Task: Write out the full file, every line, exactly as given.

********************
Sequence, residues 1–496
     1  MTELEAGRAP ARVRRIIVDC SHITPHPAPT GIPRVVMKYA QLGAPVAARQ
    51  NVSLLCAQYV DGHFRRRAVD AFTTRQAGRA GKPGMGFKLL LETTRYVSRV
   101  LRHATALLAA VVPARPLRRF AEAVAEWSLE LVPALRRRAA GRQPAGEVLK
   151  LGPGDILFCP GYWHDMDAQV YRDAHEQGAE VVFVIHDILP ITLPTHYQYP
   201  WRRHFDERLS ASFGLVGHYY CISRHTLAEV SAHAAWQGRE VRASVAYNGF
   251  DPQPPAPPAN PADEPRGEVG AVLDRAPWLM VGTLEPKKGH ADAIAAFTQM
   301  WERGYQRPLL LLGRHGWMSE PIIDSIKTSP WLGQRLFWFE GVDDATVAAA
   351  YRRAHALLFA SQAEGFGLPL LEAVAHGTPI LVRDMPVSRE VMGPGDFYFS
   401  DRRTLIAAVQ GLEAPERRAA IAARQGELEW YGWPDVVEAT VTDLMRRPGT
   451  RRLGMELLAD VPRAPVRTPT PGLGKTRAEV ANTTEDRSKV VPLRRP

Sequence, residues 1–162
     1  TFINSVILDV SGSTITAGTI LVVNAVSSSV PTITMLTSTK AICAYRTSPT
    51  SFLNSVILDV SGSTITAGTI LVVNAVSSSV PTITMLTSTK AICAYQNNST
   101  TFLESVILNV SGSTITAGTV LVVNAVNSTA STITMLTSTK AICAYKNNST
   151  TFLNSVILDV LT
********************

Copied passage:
Sequence, residues 1–496
     1  MTELEAGRAP ARVRRIIVDC SHITPHPAPT GIPRVVMKYA QLGAPVAARQ
    51  NVSLLCAQYV DGHFRRRAVD AFTTRQAGRA GKPGMGFKLL LETTRYVSRV
   101  LRHATALLAA VVPARPLRRF AEAVAEWSLE LVPALRRRAA GRQPAGEVLK
   151  LGPGDILFCP GYWHDMDAQV YRDAHEQGAE VVFVIHDILP ITLPTHYQYP
   201  WRRHFDERLS ASFGLVGHYY CISRHTLAEV SAHAAWQGRE VRASVAYNGF
   251  DPQPPAPPAN PADEPRGEVG AVLDRAPWLM VGTLEPKKGH ADAIAAFTQM
   301  WERGYQRPLL LLGRHGWMSE PIIDSIKTSP WLGQRLFWFE GVDDATVAAA
   351  YRRAHALLFA SQAEGFGLPL LEAVAHGTPI LVRDMPVSRE VMGPGDFYFS
   401  DRRTLIAAVQ GLEAPERRAA IAARQGELEW YGWPDVVEAT VTDLMRRPGT
   451  RRLGMELLAD VPRAPVRTPT PGLGKTRAEV ANTTEDRSKV VPLRRP

Sequence, residues 1–162
     1  TFINSVILDV SGSTITAGTI LVVNAVSSSV PTITMLTSTK AICAYRTSPT
    51  SFLNSVILDV SGSTITAGTI LVVNAVSSSV PTITMLTSTK AICAYQNNST
   101  TFLESVILNV SGSTITAGTV LVVNAVNSTA STITMLTSTK AICAYKNNST
   151  TFLNSVILDV LT